The man slated to be the 45th President is everything I was taught not to be. When kids in the future say, "I want to be President," I doubt their parents will have them memorize some of the Republican candidate’s gems. Instead they'll hand them the Gettysburg Address, teach them about civic duty, about people like Harriet Tubman and Martin Luther King, Jr., and say things to them like, “Do all the good you can, for all the people you can, in all the ways you can, as long as ever you can." For the few who don't know, that's what Hillary Clinton's mother taught her.
I also want to make it clear: for me, this is not nor has it ever been only about LGBT rights. When people say my life under a Trump presidency won’t be that bad because he once said he didn’t agree with the bathroom laws in North Carolina and held up a rainbow flag at a campaign rally, understand that even if that’s the case—which I highly doubt given the people he’s chosen to surround himself with—there are others whose lives have already gotten worse, who live in fear, who’ve had their bodies bruised and property defaced, who now need to work double-time just to be heard and seen as equal. I care about them, too. I believe we owe it to each other to speak up, and I’m sorry for not having done so more often with those closest to me.
part of a quote from Martin Niemöller, outspoken critic of Adolf Hitler, who spent 7 years in concentration camps
So friends and family who voted for Trump, what I really want to know is: was your life so bad? Because when there is no one left to speak for me, I want you to look in the mirror and ask: How much did your life improve because of his presidency and was it enough? Only you can know the answer. I and the next generation, to whom you owe an explanation, will be waiting.
Hillary and Bill Clinton, Holiday Past
P.S. For kids who want to be President, here's a collection of quotes by people who understood that leadership requires more than a narcissistic desire to be in charge.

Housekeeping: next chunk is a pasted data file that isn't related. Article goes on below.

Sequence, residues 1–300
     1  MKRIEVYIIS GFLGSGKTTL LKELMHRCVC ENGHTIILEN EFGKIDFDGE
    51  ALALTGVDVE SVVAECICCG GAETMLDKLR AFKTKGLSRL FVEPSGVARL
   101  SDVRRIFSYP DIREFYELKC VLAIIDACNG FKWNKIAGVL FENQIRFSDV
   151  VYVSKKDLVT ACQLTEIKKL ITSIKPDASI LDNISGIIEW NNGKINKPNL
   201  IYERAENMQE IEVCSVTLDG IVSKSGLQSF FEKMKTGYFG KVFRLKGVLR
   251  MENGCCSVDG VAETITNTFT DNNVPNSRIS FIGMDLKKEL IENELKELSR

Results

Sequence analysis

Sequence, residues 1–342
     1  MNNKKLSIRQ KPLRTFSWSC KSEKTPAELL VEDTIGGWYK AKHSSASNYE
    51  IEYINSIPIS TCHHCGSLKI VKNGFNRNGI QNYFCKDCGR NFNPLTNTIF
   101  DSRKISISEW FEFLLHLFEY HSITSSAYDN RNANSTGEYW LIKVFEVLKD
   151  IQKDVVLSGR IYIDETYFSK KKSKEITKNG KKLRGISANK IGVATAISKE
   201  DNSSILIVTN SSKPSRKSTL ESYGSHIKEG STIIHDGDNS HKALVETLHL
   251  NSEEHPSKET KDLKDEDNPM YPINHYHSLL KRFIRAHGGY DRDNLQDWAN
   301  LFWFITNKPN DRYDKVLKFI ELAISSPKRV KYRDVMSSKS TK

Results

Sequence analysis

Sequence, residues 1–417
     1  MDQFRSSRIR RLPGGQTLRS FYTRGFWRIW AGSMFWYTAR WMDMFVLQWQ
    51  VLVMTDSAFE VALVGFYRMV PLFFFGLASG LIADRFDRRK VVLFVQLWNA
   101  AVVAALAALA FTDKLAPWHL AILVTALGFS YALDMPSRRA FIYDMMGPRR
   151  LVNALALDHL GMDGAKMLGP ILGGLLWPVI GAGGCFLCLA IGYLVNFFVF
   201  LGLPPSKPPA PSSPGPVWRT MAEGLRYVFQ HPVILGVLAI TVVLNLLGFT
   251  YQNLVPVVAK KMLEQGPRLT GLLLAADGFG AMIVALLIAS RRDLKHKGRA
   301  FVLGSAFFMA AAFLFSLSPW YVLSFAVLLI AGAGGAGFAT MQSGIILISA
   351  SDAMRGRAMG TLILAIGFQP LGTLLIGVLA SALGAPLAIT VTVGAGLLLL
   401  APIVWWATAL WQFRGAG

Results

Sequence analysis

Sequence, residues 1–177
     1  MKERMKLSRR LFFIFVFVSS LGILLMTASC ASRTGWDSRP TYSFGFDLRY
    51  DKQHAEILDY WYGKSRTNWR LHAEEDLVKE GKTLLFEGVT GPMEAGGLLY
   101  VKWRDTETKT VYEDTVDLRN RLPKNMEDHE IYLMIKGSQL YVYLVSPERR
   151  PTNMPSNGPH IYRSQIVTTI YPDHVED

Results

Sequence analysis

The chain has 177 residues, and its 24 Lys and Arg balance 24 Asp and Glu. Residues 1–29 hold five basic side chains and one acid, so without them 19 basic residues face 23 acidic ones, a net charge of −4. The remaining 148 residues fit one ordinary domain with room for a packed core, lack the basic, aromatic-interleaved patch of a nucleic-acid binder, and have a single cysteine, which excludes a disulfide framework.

"I would rather belong to a poor nation that was free than to a rich nation that had ceased to be in love with liberty." - Woodrow Wilson
"When one side only of a story is heard and often repeated, the human mind becomes impressed with it insensibly." - George Washington
"If national pride is ever justifiable or excusable it is when it springs, not from power or riches, grandeur or glory, but from conviction of national innocence, information, and benevolence." - John Adams
"Think about every problem, every challenge, we face. The solution to each starts with education." - George H.W. Bush
"It is now our generation's task to carry on what those pioneers began. For our journey is not complete until our wives, our mothers and daughters can earn a living equal to their efforts. Our journey is not complete until our gay brothers and sisters are treated like anyone else under the law - for if we are truly created equal, then surely the love we commit to one another must be equal as well." - Barack Obama
"A president's hardest task is not to do what is right, but to know what is right." - Lyndon Johnson
"So, first of all, let me assert my firm belief that the only thing we have to fear is fear itself - nameless, unreasoning, unjustified terror which paralyzes needed efforts to convert retreat into advance." - Franklin D. Roosevelt